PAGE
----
This Week In Vexillology #148

Continuing with our run of countries that emerged as nations in January, This Week In Vexillology, we head over to the Pacific Ocean to take a look at the flag of Nauru: In terms of area, Nauru is one of the smallest states in the South Pacific and the third smallest by area in the world- it's had a strange existence, from a political point of view- it became a League of Nations mandate jointly administered by the UK, Australia and New Zealand with a brief period of occupation by the Japanese in World War II. Afterward, the mandate fell to the United Nations, again, keep the three government structure, though I guess that was more of a formality than anything else and in practice, Australia ran the place. Phosphate was the island's primary export that made it a lot of money in the 70s, but once the supplies were exhausted, life got a little complicated. (Environmental damage was extreme and the reinvention of an entire economy is always complicated.) But the flag

Squawk Box: Man In The High Castle/Jessica Jones

I spent the back half of November and early December consuming the two shows I was most looking forward to- Marvel's Jessica Jones and Amazon's The Man In The High Castle - both of which more than lived up to their respective hype and both of which did what you want great television shows to do: they stuck with you, long after you finished watching them. Set in an alternate universe where the Allies lost World War II, The Man In The High Castle begins in an America divided between the Japanese (the west coast) and the Germans (the east coast/Midwest) with a neutral zone (the Rocky Mountains, more or less in the middle.) When Juliana Crain (Alexa Davalos) is given a mysterious film by her sister who is then shot by the Japanese authorities, she soon discovers that the films are produced by the mysterious Man In The High Castle and show different versions of reality than the one they're in. Wanting to find the truth behind the films, Juliana heads to the neutral zone, taki

On The Move

So: this is happening... The Missus and I have been prepping for today for about a month now. We've looked at houses, come close to pulling the trigger on building a new house (and still might) and we might have found our next house- assuming it's still there when we get an offer on this one and possibilities seem to be blossoming like rain everywhere we look. And it's scary as hell and a little sad as well. Both of us have had wavering moments where we're not sure we actually want to sell this house at all. This was our first house. We put a lot of love into this house. Little Man (Kid #1) and Little Dude (Kid #2) came home to this house. We've had holidays in this house, nieces came to visit this house, parties with friends, nights spent talking around the fire or sitting on our excellent porch (I'm going to miss that porch) out front enjoying the view across the street and the empty field where the glorious vista of Proctor and Gamble loomed on the hor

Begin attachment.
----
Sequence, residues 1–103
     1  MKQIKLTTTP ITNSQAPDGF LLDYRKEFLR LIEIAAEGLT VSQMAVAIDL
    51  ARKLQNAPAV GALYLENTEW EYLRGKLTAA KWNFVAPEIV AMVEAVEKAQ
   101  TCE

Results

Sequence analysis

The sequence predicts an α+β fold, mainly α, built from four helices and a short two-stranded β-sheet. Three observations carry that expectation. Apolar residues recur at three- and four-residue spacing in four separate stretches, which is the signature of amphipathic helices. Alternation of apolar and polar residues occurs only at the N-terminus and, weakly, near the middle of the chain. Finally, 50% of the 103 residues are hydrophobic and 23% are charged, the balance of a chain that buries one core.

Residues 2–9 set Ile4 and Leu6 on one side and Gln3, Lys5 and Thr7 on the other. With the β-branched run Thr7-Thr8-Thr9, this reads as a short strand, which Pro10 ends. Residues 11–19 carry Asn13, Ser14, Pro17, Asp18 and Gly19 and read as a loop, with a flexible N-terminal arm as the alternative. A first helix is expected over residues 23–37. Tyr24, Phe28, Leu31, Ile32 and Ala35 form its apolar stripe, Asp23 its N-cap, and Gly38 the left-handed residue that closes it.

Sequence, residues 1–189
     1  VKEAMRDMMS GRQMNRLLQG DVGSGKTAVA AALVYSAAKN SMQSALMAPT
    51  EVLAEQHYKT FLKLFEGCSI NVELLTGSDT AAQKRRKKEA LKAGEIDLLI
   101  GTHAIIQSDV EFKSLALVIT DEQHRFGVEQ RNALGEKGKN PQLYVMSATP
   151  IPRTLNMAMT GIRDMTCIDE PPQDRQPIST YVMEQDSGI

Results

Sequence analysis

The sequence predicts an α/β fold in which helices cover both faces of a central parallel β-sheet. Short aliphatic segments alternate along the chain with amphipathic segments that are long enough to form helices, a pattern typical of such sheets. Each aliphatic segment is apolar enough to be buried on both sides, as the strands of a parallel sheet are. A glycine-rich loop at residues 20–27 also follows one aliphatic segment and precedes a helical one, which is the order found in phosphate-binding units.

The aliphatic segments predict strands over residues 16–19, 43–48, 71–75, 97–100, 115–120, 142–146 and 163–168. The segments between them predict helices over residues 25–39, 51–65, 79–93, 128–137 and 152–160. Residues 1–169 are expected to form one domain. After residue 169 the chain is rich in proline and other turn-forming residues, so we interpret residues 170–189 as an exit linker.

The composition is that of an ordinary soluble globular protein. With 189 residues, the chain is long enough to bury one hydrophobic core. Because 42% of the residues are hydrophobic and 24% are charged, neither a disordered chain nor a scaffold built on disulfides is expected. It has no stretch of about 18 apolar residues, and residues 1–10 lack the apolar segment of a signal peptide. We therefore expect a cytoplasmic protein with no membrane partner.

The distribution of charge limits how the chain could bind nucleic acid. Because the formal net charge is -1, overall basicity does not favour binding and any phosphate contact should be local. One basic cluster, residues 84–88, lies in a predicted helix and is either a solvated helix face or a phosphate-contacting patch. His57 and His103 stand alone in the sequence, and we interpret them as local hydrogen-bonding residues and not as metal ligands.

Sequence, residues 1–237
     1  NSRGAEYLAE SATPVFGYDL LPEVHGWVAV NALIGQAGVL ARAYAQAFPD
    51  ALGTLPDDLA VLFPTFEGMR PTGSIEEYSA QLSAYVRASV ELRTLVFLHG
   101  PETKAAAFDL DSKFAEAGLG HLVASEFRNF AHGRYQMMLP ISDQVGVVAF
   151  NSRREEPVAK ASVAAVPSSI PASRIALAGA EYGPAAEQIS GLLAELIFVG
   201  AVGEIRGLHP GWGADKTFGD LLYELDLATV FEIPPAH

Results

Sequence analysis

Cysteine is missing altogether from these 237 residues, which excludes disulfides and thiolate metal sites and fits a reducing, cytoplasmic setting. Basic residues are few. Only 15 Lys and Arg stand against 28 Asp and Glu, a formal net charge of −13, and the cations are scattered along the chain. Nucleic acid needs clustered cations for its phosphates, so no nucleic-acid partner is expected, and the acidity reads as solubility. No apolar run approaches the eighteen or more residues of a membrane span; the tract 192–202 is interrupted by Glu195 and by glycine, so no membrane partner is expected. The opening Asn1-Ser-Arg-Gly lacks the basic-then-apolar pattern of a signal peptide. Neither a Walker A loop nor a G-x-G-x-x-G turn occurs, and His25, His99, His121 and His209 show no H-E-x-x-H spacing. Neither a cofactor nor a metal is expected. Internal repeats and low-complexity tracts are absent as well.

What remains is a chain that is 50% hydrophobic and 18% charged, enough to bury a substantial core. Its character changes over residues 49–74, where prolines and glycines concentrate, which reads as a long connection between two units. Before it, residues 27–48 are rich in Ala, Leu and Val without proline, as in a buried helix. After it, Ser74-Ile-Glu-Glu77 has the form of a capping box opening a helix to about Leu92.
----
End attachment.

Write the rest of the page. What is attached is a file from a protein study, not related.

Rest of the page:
Written On December 6th, 2015 The length of the average human arm is 25 inches. That's how close we were last night- that second effort, that last gasp, that last heave over the end zone to break the plane and score the touchdown... I had been worried since halftime about the offense's lack of ability to move the ball- but they got lucky once with a deep ball to break the deadlock and ever since then, Michigan State had been controlling the ball, moving it effectively- gashing us with runs and forcing their way down the field. We were close, we were agonizingly close. That 4th and 1 that just made it. Then, inches away- first down, second down, third down... and finally that last gasp effort broke us. Agony. Excruciating, beautiful agony as it slipped away. 27 seconds left and 25 inches, the length of the average human arm. That's how close Iowa came- to a Big Ten Championship and a shot at a national title. If you're going to lose, there are few ways more pai

This Week In Vexillology #147

I had been trying my best to be methodical last year with This Week In Vexillology- we knocked of Africa, Central America and South America and I was all ready to make my way through the rest of Europe when I decided to shake things up a bit by throwing down a curveball. This month, three out of our four flags belong to countries that declared or won their independence in January. First on deck, a country that established it's sovereignty on January 1st, 1804: The Republic of Haiti As with most former French colonies, it's somewhat dispiriting to admit that the blue and the red in the flag were taken from the Tricolore -- however, there's a cool twist with the Haitian flag, because apparently during the rebellion against France in 1803, Jean-Jacques Dessalines* somewhat (I'd imagine) irritated with the French, tore up a Tricolore and then the blue and the red were just stitched back together to form the basis for the flag of Haiti. (Question: does this mean the

10 for 2016

Ah, a New Year with a fresh, new year scent all over it and that means another list of pointless resolutions, half of which I probably won't accomplish anyway. Thankfully, my list from last year has vanished into the ether of the internet in the transition to this, my latest and hopefully permanent resting place for my blogging, so I don't have to reflect on the failures of 2015- but... it's foolish, misplaced optimism on my part, since I probably think every new year feels like something good could happen, but I sort of want to jump up and down and insist that by golly, this time it's going to be different, this time, this year is going to be kick-ass! But I know better. In reality, I'll probably greeting 2017 by looking back at this list and giving a hearty belly laugh at my foolish optimism- but you never know, right? This could actually be the year I fulfill some of my New Year's Resolutions. Here's the 2016 Edition: 1. Returning from last year- get